version of Irish history. Ironically, the

construction of new Adare and the Earl’s

 

own majestic manor may have helped local residents avoid some of the worst suffering of the Great Famine of the 1840s.

        Whatever the economic realities of the 19th century earldom, Adare’s 21st century realities suggest a prosperity disproportionate with its pastoral setting in an otherwise unremarkable corner of Central Ireland. The theme park nostalgia of thatched Adare presents a shocking contrast with the Limerick of Frank McCourt’s "Angela’s Ashes" just fifteen minutes to the north. Yet both images are exports that cash in on

Photo © Home At First.
...AND A SANITIZED VERSION OF IRISH HISTORY?
Photo © Home At First.

American images of Ireland as a once-

 

pleasant peasant landscape perpetually plagued with a system that lacked a middle class.

Adare, like much of Ireland, is within day-trip range of Home at First's cottages along Lough Derg in Central Ireland.

 Home At First’s Central Ireland cottages are a short day trip away from Adare
in and near pretty Irish villages of their own. Visit Adare and most of the
Republic of Ireland from your home base in
CENTRAL IRELAND.

 

Photo © Home At First.
 ADARE — SHOCKING CONTRAST WITH THE
LIMERICK OF 'ANGELA'S ASHES'?
Photo © Home At First.

          Today’s Ireland — full of Eurocrats, High-Techies, entrepreneurs, and well-educated managers and businessmen — doesn’t much resemble what Irish-Americans remember as the green motherland they fled. Ireland was never greener than it is today and much of that green — until the Great Recession of 2008 applied the brakes to the economic engine — has been gold. Adare’s pricey thatched restaurants and shops and its Adare Manor Hotel and Golf Resort tell us more about Ireland as a member of the European Union and Ireland the world travel destination than it does about Ireland the once chronically impoverished land of demi-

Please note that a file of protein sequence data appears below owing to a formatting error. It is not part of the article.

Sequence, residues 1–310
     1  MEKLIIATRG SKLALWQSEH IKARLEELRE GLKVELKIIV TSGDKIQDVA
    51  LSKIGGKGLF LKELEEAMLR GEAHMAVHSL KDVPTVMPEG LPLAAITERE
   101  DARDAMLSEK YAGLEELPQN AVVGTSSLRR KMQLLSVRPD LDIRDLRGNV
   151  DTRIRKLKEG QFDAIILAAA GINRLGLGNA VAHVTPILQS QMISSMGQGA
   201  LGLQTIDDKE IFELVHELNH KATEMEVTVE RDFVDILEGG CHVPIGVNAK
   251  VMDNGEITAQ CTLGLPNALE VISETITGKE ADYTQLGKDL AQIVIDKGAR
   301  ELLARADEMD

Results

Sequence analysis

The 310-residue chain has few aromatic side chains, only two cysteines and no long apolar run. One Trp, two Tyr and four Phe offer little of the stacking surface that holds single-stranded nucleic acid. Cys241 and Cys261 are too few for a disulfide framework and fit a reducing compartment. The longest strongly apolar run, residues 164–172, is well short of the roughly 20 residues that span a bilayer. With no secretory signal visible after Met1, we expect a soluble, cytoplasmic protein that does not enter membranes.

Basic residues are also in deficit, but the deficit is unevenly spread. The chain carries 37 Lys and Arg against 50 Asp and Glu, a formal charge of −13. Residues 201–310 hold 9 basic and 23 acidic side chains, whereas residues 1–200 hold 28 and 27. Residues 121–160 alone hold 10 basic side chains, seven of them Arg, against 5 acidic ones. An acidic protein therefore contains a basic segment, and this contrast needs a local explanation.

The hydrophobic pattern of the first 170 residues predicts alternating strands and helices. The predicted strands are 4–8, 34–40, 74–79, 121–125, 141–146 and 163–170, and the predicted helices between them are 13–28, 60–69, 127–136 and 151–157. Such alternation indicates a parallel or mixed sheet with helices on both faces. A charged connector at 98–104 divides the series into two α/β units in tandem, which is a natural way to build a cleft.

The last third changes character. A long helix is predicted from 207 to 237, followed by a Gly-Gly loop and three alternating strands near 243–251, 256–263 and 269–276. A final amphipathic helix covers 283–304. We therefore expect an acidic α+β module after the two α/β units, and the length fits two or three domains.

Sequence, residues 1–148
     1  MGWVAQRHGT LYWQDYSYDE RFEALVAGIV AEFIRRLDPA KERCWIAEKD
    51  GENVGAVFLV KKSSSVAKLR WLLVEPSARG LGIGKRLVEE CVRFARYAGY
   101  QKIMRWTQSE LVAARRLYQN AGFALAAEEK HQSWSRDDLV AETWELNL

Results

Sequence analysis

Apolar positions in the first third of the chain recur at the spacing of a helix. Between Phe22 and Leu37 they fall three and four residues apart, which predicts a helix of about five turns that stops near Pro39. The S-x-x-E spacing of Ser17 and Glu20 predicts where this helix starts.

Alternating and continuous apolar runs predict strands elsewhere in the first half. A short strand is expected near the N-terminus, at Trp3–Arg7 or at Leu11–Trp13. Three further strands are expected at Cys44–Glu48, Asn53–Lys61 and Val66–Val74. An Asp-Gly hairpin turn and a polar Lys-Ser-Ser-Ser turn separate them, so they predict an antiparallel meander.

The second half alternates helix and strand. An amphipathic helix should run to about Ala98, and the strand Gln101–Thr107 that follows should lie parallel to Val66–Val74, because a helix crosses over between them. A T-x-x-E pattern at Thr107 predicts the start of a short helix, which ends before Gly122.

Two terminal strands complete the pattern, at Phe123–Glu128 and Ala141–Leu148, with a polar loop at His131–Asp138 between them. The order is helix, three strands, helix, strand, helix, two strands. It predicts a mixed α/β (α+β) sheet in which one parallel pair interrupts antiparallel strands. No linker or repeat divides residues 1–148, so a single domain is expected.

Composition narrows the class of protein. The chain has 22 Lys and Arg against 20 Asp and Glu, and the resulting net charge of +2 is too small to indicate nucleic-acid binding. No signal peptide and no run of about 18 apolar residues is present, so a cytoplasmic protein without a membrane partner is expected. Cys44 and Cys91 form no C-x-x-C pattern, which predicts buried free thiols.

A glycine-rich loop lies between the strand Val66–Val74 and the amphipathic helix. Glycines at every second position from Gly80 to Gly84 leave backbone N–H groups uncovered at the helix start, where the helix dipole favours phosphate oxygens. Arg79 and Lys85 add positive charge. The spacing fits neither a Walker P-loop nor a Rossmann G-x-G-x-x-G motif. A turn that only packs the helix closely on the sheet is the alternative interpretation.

royalty and their oppressed subjects.

          Go to Adare — it’s just an hour’s drive south of

 

Home At First’s cottages in Central Ireland. Park in the big lot behind the Adare Heritage Centre by the Trinitarian Abbey church. Walk up and down Main Street, and photograph the idealized thatches and the brightly colored shops. Stroll through the town park — there might even be a wedding party posing for photos. Have a look at the Second Earl’s great manor that welcomes 21st century royalty. Have lunch in one of the many restaurants and pubs that range from simple to elegant. Then leave town by a back road and head east cross-country through the maze of lanes leading after most of an hour to the market town of Tipperary. Park your car and take a 30-minute walk through Tipperary and discover more about traditional rural Ireland on this impromptu visit than Adare will dare let you see.

ADARE PARK — BEWARE OF WEDDINGS
Photo © Home At First.

Photo © Home At First.

   

FIND THE IRELAND OF YOUR DREAMS
as part of your next visit to Central Ireland.
 
This article comes from Home At First's exclusive
"Ireland Activities Guide" that comes to you as part of your trip.
 
Learn all about Home At First's travel programs to: IRELAND
 
Home At First offers travel to four great regions of Ireland. Have your own cottage in
CENTRAL IRELAND, SOUTHERN IRELAND, NORTHWESTERN IRELAND, OR NORTHERN IRELAND.
Minimum rental is one week, and you can mix and match with other Home At First destinations
throughout ENGLAND, SCOTLAND, and WALES. Or, for complete information about travel with
Home At First to Britain & Ireland, see: BRITISH ISLES.

YOUR DREAM TRIP BEGINS BY CONTACTING 
HOME AT FIRST

WE KNOW IRELAND